By Brian L. Brink
“Snakes are the devil,” said Nick Mott at the reptile exhibit on campus last Friday, Feb. 9.
Thiel College put together a “Reptile Farm” in Weyers Lounge with the help of The Herps Alive Foundation, a non-profit charity dedicated to saving unwanted reptiles and amphibians. During the two hours in which the exhibition ran many students came to see, learn about, and hold reptiles.
There were some students like Mott who said he didn’t mind the reptiles while in they were in their terrariums. While others like his friend sophomore Kaila Carolus, who said she had five reptiles and snakes at home and already knew how to handle them. However, most students weren’t as experienced with them but still wanted to pick up the snakes.
Kira Snyder fell in the that last category and after said, “In a rural town like Greenville a lot of students wouldn’t have had the chance to necessarily even see these animals, let alone hold or handle them.”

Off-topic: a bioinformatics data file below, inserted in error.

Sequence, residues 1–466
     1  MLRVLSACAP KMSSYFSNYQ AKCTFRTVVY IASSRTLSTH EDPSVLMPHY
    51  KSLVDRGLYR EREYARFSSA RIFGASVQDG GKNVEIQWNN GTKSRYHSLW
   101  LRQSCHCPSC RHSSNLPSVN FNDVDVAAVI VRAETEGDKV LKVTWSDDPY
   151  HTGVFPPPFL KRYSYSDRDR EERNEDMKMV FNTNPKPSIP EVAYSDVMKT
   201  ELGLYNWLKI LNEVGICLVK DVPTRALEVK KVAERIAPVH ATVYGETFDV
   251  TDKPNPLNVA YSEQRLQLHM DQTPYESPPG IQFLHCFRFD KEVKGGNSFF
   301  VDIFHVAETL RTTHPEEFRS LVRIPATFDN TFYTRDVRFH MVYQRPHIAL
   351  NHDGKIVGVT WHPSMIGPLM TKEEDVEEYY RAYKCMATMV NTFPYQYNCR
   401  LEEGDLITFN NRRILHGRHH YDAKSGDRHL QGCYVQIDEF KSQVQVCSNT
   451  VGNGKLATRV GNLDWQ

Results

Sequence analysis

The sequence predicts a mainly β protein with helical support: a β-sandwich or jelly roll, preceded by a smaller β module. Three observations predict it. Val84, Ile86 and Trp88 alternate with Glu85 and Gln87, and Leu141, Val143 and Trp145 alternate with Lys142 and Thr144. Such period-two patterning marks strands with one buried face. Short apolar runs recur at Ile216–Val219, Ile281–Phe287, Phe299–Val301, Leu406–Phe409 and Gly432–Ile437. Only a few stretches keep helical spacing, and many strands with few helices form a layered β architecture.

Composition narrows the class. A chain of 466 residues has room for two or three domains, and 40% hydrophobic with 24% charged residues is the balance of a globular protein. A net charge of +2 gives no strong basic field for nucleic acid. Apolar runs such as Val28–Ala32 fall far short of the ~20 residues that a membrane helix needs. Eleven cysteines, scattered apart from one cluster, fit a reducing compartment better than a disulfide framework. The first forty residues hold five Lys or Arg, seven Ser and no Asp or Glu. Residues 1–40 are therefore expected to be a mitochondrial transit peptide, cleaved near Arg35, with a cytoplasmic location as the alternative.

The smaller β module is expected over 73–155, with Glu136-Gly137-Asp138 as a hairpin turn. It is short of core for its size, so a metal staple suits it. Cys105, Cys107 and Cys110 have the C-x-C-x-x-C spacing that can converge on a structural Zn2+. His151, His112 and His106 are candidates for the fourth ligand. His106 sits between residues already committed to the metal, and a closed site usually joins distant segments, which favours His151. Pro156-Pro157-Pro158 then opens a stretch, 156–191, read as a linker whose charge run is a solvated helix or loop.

Snyder held a corn snake and petted the bearded dragon and a skink. Other animals that were at the exhibition were boa constrictors, turtles, a ball python and a baby alligator. Most of which could be petted or held, with the handler’s permission.
The handler, Keith Gisser, said that he loves putting on shows and that “it’s not only good for the animals but also the people who get to lean about and handle them.” He then went on to say that it was easy for him to get to Thiel because he only had to take route 322 from South Euclid, OH to get here.
Gisser serves as executive director of the foundation and has over thirty years of experience working with these animals. He has presented on over 200 colleges across the country since 1990.
Herps Alive acts as an adoption center for the animals they rescue. They also sell all the all the equipment and supplies one would need to take care of whatever animal they adopt. Gisser said that at the end of 2017 they rescued over 200 frogs from one place and had them all adopted within six weeks.